HONOLULU - Hawaii is cracking down on prostitution and worker exploitation by passing new laws amid the nation's largest-ever human trafficking case.
Hawaii was one of only four states lacking a labor trafficking law or a sex trafficking law before Gov. Neil Abercrombie signed the measures this week, according to the Polaris Project, a Washington-based advocacy group against human trafficking.
The new laws are being enacted as the federal government is already prosecuting labor recruiting company Global Horizons on accusations of oppressing hundreds of Thai laborers by bringing them to farms in the U.S., failing to pay them for work performed, putting them into debt, confiscating their passports and threatening to deport them. A separate federal case involves similar allegations against Hawaii's second-largest farm, Aloun Farms.
The laws also empower police to more strongly combat prostitution when world leaders from 21 countries meet in Honolulu in November for the Asia-Pacific Economic Cooperation summit.
After years of opposing a human trafficking law, law enforcement joined forces with advocates to get a proposal approved by the Legislature and governor.
Prosecutors and police argued in previous years that the state didn't need a separate human trafficking law because crimes could be targeted with existing extortion and terroristic threatening laws, but they supported the new provision this year as a way to strengthen their authority to pursue such cases.
"We're going after people who exploit others for profit," said Honolulu Prosecutor Keith Kaneshiro. "What we're doing is putting an emphasis on it. Let's increase the penalties and make it a tougher law."
Both the labor trafficking and prostitution laws come with felony penalties reaching up to 20 years' imprisonment.
The prostitution law makes it easier for prostitutes to enter into witness protection programs so they can testify against their pimps in court, increases felony sentences for promoting prostitution and allows johns to be arrested on prostitution charges.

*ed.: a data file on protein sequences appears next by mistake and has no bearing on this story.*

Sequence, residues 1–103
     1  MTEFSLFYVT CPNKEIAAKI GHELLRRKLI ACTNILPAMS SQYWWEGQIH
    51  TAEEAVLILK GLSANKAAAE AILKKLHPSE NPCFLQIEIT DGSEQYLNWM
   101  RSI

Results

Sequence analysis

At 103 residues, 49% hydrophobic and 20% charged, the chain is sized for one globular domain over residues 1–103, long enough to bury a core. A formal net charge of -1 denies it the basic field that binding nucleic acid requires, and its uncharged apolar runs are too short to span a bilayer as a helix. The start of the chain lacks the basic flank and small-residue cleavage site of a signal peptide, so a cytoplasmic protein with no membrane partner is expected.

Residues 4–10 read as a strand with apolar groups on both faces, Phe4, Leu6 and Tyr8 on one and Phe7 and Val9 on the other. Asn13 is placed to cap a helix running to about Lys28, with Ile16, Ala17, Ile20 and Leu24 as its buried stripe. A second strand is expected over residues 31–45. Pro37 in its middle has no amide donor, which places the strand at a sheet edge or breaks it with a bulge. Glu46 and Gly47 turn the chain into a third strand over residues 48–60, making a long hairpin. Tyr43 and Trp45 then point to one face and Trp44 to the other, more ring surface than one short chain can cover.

"We're hoping that with these laws, it will help stem the tide of prostitution," said Kathryn Xian, executive director for the Pacific Alliance to Stop Slavery.
Tourism officials and police have said they're concerned about a heavy increase in prostitution during the Asia-Pacific Economic Cooperation summit, when pimps bring more sex-trade workers to Honolulu to cater to international demand.
Publicity about Hawaii's tough prostitution laws and the training for police officers that comes with it should deter solicitation attempts during APEC, Xian and Kaneshiro said.
"You don't want people to say, 'Well, Hawaii's a good place to visit, it's paradise, but they're soft on crime,' " said Rep. John Mizuno, D-Alewa Heights-Kalihi, who pushed for the laws. "It makes Hawaii look respectable, and we will prosecute these crimes seriously."
Police will become more likely to know what questions to ask potential victims of trafficking and arrest their tormenters because of the new law, said Clare Hanusz, an attorney who represents dozens of Thai laborers who claim they were mistreated.
"It's a significant deterrent. It puts traffickers on notice that even if they don't attract the attention of the federal government, state law enforcement is aware of those kind of activities," Hanusz said.
Both laws take effect Friday.